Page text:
This post is part of my series on the National Park System. One of my goals while the kids are still at home is to visit as many of the National Parks and Monuments in the Western United States as we can.
Southern Utah may very well have the most concentrated set of natural wonders anywhere. (If you combine Utah with northern Arizona, I bet you would.) Within a few hours drive of each other are no fewer than five national parks and numerous national monuments. The parks get most of the press - and traffic: Zion, Bryce, Arches, Canyonlands, and even Capitol Reef.
But don’t sell the monuments short. They are often less crowded and more akin to wilderness. One great example of that is Cedar Breaks National Monument. I am embarrassed to admit that in 30 years of visits to Utah, it tool until 2016 to finally visit this little gem. I had actually driven by it a few times on the way to Bryce, but had never actually stopped there.
My wife attends the Utah Shakespeare Festival (usually with a friend) every year for the last few, and she actually beat me to Cedar Breaks - she and the friend took a morning trip there, because it is pretty close to Cedar City. Our whole family traveled there in 2016 both for some of the fall plays, and to visit the various parks in the area.
Cedar Breaks is often called a “little Bryce.” It has the same basic features: a canyon system with hoodoos and bright colors. It is steeper, though, and there aren’t really trails down into the canyons except on the one end. It is also quite a bit smaller and intimate. The biggest difference, though, is the setting. The rim of Bryce is at 8,000 feet elevation, which is cold enough during the winter. But at 10,000 feet, Cedar Breaks tends to be cold and windy even in the summer - and it closes entirely during the winter season. Because of the altitude, the wind, and the temperatures, visitors should come prepared. Bring a jacket, even in the summer. Just in case.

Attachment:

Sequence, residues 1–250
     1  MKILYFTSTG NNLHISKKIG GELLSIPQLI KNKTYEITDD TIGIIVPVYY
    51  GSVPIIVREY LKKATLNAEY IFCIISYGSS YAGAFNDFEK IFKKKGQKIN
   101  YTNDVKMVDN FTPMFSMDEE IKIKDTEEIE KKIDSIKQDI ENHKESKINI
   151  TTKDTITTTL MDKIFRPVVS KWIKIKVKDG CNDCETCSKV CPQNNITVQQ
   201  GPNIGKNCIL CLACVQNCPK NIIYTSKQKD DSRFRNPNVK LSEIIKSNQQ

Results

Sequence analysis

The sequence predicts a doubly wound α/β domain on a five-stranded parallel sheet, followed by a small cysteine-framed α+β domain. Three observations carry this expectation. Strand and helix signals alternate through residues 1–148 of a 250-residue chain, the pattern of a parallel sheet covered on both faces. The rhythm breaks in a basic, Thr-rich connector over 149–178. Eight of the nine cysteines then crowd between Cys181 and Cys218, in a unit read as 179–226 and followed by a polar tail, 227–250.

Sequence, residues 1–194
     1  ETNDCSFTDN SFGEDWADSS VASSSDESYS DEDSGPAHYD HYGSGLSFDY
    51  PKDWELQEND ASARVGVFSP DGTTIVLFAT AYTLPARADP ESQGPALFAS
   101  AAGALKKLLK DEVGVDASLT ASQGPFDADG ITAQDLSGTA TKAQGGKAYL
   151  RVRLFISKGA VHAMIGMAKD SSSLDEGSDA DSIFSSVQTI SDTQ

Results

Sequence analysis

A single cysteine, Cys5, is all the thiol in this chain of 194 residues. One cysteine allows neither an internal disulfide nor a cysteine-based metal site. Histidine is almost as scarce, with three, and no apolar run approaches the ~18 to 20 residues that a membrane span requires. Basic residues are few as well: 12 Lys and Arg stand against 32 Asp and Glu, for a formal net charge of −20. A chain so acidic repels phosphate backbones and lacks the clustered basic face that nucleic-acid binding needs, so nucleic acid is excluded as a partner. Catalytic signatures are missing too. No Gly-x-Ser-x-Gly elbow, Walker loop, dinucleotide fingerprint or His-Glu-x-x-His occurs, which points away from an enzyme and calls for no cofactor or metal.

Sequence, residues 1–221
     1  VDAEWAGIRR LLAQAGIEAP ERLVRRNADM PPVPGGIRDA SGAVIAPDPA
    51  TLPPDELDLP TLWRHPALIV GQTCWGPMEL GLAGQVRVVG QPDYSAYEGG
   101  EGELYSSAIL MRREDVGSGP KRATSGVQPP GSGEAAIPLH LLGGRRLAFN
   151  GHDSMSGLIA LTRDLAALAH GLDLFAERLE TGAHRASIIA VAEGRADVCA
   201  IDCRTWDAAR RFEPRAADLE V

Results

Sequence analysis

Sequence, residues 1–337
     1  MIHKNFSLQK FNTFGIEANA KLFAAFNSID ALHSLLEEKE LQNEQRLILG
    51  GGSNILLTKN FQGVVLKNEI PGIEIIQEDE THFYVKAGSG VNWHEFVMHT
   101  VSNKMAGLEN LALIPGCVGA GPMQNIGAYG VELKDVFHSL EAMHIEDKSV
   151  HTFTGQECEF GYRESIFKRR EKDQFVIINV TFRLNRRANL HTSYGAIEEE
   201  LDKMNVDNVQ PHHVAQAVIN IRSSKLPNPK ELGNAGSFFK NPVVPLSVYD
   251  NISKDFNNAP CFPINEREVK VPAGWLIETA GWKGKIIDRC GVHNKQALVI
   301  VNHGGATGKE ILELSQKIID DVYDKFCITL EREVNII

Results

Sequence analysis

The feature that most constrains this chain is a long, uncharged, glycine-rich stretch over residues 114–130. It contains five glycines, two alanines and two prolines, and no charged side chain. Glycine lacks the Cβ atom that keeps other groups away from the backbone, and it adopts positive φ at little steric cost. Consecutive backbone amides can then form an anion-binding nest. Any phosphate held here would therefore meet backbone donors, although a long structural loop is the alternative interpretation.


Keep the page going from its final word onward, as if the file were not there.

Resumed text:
One thing the altitude does bring is marmots. I see these in the high sierra all the time, but it was nice to see them here too. (For those unfamiliar with them: if squirrels played football, marmots would be the offensive line and the nose tackle.)
The views at Cedar Breaks are fantastic, and they can be reached with a few moderate or easy hikes, depending on how far you want to go. The rangers are friendly and helpful; and, because of the low number of visitors, they actually have time to talk.
If I were advising someone new to the area as to a trip here, I would recommend the following: First, plan on coming during the summer or early fall, when the snow is gone. Cedar Breaks doesn’t open until the roads are clear. Second, plan to catch a play or two at the Shakespeare Festival, which runs (conveniently) during most of the time Cedar Breaks is open. Third, since Cedar Breaks can be seen in one day, plan to visit other nearby places. In cooler weather, Zion and Snow Canyon State Park are lovely. (Try to avoid Zion on weekends, though - it can be super crowded.) If the weather is hot, Bryce will be a cool relief. I also recommend seeking out Kanarraville Falls, a little slot canyon with a beautiful waterfall.
There were quite a few wildflowers - even in September. It's a short growing season.
Yes, that's a Bristlecone Pine. Not as old as the ones in California or Nevada, but striking nonetheless.
I love the contrast of colors.
And, for good measure, here is Kanarraville Falls.
My youngest was age 5 when this picture was taken.